The case is Saleh v. Bush (N.D. Cal. Mar. 13, 2013, No. C 13 1124 JST). Oral argument is set for hearing on April 3, 2014, 2:00 p.m., in the Northern District of California, San Francisco division.  Updates, including court documents, can be found at http://witnessiraq.com.

Contact:
Press at Comar Law
press@comarlaw.com

COMAR LAW

901 Mission Street, Suite 105
San Francisco, California 94103

Killing the First Amendment in Dealey Plaza: JFK Assassination 50th Anniversary and the Eyes of Texas (Pt. II)

By Lori Spencer


“This is content based denial of free speech in a public park and at a designated historic site. Dealey Plaza belongs to history and to the American people, especially on the 50th anniversary.”

              -- John Judge, executive director of the Coalition on Political Assassinations
 

'High' hypocrisy on Capitol Hill: Congressional leaders ignore calls for Radel's resignation

By Linn Washington, Jr.


Florida U.S. Congressman Trey Radel, recently convicted of possessing cocaine, rightly wears the label of Drug War hypocrite, but assigning that total to just that one prominent felon helps tends to hide the long-standing stench of Drug War hypocrisy that extends from Capitol Hill to the White House and state capitals nationwide, including members of both parties.

Speaking Events

2016

War Is A Lie: Second Edition
Book Tour

May 19, Sarasota, FL, 7:00 p.m. Fogartyville Community Media and Arts Center 525 Kumquat Court, Sarasota, FL

May 20, Jacksonville, FL, 7:00 p.m., Florida Christian Center Auditorium, 1115 Edgewood Ave S, Jacksonville, FL 32205, (904) 381-4800.

May 21, Gainesville, FL
7:00 p.m.
Unitarian Universalist Fellowship of Gainesville, Florida
4225 NW 34th St, Gainesville, FL 32605
(352) 377-1669
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May 28, San Francisco, CA
11 a.m. to 1 p.m., David Swanson interviewed by Daniel Ellsberg, at San Francisco Main Public Library, 100 Larkin Street.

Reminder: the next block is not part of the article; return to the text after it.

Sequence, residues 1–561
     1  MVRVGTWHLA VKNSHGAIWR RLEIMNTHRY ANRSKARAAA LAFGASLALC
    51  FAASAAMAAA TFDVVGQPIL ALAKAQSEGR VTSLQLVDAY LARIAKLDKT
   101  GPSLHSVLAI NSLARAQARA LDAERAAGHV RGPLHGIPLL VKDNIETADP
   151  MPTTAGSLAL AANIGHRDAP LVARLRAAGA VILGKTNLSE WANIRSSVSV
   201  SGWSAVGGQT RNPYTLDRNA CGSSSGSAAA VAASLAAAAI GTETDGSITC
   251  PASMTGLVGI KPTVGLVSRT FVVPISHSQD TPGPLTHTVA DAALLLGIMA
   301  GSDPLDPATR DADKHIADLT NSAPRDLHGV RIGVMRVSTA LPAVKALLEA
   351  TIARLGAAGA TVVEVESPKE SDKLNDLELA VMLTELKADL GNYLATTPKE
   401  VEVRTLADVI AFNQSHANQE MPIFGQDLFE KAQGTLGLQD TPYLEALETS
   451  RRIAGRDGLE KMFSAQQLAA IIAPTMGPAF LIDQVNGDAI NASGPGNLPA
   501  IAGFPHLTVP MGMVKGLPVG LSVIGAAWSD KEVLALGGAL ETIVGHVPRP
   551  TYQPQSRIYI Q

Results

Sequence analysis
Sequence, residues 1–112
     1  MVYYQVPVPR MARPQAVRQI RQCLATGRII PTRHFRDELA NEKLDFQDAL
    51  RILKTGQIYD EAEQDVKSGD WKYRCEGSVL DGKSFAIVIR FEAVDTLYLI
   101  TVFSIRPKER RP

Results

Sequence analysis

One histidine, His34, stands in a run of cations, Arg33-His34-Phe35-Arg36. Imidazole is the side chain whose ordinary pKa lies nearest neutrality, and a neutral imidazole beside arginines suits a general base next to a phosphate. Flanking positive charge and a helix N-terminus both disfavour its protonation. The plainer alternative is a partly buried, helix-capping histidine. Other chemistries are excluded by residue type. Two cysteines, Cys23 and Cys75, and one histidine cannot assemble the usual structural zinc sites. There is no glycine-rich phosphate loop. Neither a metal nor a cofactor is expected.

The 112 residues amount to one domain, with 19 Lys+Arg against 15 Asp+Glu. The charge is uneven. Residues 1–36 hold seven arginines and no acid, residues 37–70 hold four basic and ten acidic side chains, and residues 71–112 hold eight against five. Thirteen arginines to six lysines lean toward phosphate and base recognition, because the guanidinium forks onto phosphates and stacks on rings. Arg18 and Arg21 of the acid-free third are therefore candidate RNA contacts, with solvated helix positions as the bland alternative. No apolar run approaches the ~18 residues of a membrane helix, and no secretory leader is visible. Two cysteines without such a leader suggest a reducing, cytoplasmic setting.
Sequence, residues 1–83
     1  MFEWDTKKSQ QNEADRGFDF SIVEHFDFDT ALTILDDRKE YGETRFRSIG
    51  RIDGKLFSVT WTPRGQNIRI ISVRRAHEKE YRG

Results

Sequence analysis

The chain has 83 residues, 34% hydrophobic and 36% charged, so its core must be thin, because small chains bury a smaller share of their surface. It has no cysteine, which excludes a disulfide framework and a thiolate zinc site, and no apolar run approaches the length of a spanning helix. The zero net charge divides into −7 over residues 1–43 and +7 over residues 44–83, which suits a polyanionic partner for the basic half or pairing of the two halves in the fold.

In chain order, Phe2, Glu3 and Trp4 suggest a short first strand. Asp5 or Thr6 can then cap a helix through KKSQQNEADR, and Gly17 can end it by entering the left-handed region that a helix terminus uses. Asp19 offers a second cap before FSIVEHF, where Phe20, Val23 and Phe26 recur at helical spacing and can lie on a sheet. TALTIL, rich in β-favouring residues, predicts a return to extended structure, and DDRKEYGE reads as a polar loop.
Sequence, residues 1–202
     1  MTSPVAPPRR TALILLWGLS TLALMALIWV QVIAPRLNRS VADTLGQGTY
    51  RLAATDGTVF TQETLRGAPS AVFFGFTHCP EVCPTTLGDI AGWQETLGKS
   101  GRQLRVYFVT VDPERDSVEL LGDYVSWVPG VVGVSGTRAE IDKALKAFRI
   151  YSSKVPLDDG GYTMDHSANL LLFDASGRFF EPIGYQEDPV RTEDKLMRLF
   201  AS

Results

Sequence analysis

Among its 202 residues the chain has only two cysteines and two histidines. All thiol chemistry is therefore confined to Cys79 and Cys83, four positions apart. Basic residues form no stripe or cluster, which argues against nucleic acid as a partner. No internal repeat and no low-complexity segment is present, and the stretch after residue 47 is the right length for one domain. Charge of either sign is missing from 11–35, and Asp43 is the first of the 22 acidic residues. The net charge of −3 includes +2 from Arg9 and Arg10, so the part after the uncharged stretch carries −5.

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May 28, Marin County, CA
4 to 6 p.m., David Swanson in conversation with Norman Solomon, at Book Passage, 51 Tamal Vista Blvd., Corte Madera, CA
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May 29, Oakland, CA
3 to 4 p.m., David Swanson interviewed by Cindy Sheehan, at Diesel: A Bookstore, 5433 College Avenue at Kales (near Manila), Oakland, CA
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May 29, Berkeley, CA
7:30 to 9 p.m., David Swanson and Cindy Sheehan at Berkeley Fellowship of Unitarian Universalists, sponsored by the Social Justice Committee and Cynthia Papermaster, 1606 Bonita Ave. (at Cedar), Berkeley, CA
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May 30, Fresno, CA
2 to 4 p.m., David Swanson and Cindy Sheehan at a Peace Fresno event
Community United Church of Christ
5550 N. Fresno Street
Fresno, CA 93710


June 11 St. Paul, MN, 6 p.m. at Macalester Plymouth Church Social Hall 1658 Lincoln, St. Paul, MN.
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June 12 Minneapolis, MN, 9 and 11 a.m. at St. Joan's 4533 3rd Ave So, Minneapolis, MN, plus peace pole dedication at 2 p.m.
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Other Events Here.